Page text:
Giddy up: How to make commuting a happier experience!
By: Kaitlyn Bailey
MSc, University of British Columbia
Just as there are scientists searching for a cure for cancer, there are also scientists whose life’s work it is to uncover the secrets of living a happier life.
Two such “happiness researchers” from Harvard University wanted to know which daily activities make people the happiest, and which make people the least happy(1). To test their question they developed a smartphone app that sent their participants texts randomly throughout the day asking:
- How are you feeling right now?
- What are you doing right now?
The results? One of the least enjoyable activities that people reported during their day was commuting/travelling.
The average Canadian spends about 52-minutes a day just commuting to and from their workplace(2). When you include other trips this is likely more than an hour for most people.
But there’s good news, there is a way to transform this unhappy activity into a happiness boosting one. Can you guess what it is?
That’s right –use your bike! Research shows that compared to drivers, car passengers, and public transit users, bicyclist commuters are the happiest(3). Imagine, instead of being frustrated sitting in slow-moving traffic or crammed up against a stranger riding public transit, you are gliding by, breathing fresh air and getting some exercise (perhaps not surprisingly exercise was one of the activities that people rated as the happiest during their day).
You might think that riding your bike to work is only for people who have a short commute, and therefore their increased happiness is derived from their shorter commute time and not the fact that they are riding their bike. Not so! In a large study of 18 000 people, scientists found that when people switched from driving to walking or cycling to work, they were happier even though their commute was now longer(4).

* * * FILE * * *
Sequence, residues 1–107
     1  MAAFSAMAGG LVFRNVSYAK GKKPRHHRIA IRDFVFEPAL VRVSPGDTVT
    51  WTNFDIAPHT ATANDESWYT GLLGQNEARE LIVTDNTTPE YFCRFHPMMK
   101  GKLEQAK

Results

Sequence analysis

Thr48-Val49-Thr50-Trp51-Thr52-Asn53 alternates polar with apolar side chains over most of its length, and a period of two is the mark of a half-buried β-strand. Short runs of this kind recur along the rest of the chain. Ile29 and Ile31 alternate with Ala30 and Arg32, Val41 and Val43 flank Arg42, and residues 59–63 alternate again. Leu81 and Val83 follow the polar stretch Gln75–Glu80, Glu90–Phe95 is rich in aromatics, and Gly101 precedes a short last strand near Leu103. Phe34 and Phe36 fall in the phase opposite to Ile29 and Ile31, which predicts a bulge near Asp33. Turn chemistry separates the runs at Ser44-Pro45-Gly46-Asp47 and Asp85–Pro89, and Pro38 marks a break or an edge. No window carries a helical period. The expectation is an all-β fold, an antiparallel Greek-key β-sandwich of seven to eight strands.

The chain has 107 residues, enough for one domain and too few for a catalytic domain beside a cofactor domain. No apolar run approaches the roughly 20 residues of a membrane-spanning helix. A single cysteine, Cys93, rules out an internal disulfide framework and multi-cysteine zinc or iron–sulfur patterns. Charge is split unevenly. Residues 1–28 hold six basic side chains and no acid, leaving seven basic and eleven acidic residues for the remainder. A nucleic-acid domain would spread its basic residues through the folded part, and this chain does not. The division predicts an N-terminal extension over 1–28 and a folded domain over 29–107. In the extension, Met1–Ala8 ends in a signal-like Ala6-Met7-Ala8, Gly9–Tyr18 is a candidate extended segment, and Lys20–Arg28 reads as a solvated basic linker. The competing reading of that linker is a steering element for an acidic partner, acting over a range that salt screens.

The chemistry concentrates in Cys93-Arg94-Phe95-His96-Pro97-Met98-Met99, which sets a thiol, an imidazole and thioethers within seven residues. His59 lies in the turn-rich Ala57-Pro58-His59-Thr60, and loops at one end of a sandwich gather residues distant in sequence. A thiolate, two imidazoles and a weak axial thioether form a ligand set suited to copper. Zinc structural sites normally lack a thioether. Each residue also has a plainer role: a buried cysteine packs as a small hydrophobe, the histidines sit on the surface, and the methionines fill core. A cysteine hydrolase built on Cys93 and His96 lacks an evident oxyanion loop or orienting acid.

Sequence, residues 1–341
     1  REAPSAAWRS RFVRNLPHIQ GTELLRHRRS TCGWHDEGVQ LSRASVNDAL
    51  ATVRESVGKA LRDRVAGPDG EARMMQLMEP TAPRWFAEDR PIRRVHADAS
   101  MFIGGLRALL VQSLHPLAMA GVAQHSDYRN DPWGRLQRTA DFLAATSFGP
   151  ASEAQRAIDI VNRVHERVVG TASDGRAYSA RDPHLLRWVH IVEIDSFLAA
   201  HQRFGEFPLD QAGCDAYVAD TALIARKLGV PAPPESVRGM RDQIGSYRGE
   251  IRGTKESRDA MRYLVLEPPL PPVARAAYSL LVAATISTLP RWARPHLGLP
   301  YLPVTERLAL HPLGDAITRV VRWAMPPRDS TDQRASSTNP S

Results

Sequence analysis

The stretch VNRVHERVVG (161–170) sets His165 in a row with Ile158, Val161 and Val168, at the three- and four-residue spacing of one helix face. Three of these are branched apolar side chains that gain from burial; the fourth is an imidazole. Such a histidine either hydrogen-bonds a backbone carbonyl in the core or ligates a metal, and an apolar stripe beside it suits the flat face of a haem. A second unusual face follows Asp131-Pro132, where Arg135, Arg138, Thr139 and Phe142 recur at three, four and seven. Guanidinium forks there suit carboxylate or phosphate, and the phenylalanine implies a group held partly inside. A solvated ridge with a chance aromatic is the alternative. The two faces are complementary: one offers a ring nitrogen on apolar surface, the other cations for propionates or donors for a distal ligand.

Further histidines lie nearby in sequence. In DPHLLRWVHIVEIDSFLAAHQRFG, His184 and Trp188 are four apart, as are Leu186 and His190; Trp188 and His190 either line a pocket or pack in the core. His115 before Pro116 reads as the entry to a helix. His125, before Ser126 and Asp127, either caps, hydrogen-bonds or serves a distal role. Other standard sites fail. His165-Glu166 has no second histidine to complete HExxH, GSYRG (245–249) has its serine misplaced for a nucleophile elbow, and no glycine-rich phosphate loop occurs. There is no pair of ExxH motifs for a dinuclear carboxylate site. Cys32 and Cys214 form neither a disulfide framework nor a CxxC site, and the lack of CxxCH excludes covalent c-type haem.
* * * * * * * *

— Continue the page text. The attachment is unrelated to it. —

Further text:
Why does biking make people feel happy? No one has a concrete answer but most scientists believe it’s a combination of things. Here are a few educated guesses:
- Exercise. We know that exercise improves mood and decreases depression and anxiety(5). I call it “the endorphin effect”.
- Outside. Whether it’s due to a boost of Vitamin D from the sun or because you are breathing fresh air, studies confirm that simply being outside makes people happier(6)!
- Mindfulness. Biking typically requires concentration on what you’re doing –especially when you are riding alongside traffic. Being focused on the present moment has a positive effect on mood even when the activity you’re focusing on is one you don’t like(1).
- Connection. A researcher from UBC did a study in Vancouver about people’s experiences using different types of transportation. He found that cyclists report feeling much more connected during their commute, compared to people driving cars who felt alienated(7). Having a sense of connection is important for happiness.
- Childhood memories. For many people, biking brings back pleasant, memories of childhood when life was simpler and bicycles were their key to freedom.
These are just some examples of why biking makes people happy but if you want to see for yourself register today for Bike to Work & School Week and make a commitment to yourself to give it a try. You’ll be happy you did!
1. Killingsworth & Gilbert (2010). A wandering mind is an unhappy mind. Science, 330: 932.
3. Morris & Guerra (2014). Mood and mode: does how we travel affect how we feel? Transportation, supplementary material. doi:10.1007/s11116-014-9521-x
4. Martin, Goryakin & Suhrcke (2014). Does active commuting improve psychological wellbeing? Longitudinal evidence from eighteen waves of the British Household Panel Survey. Preventive Medicine, 69: 296-303.
5. Powers, Asmundson & Smits (2015) Exercise for mood and anxiety disorders: The state-of-the science. Cognitive Behaviour Therapy, 44: 237-239.
6. Keniger, Gaston, Irvine & Fuller (2013). What are the benefits of interacting with nature? International Journal of Environmental Research and Public Health, 10(3): 913-935.
7. Nixon (2014). Speeding capsules of alienation? Social (dis)connections amongst drivers, cyclists and pedestrians in Vancouver, BC. Geoforum, 54: 91-102.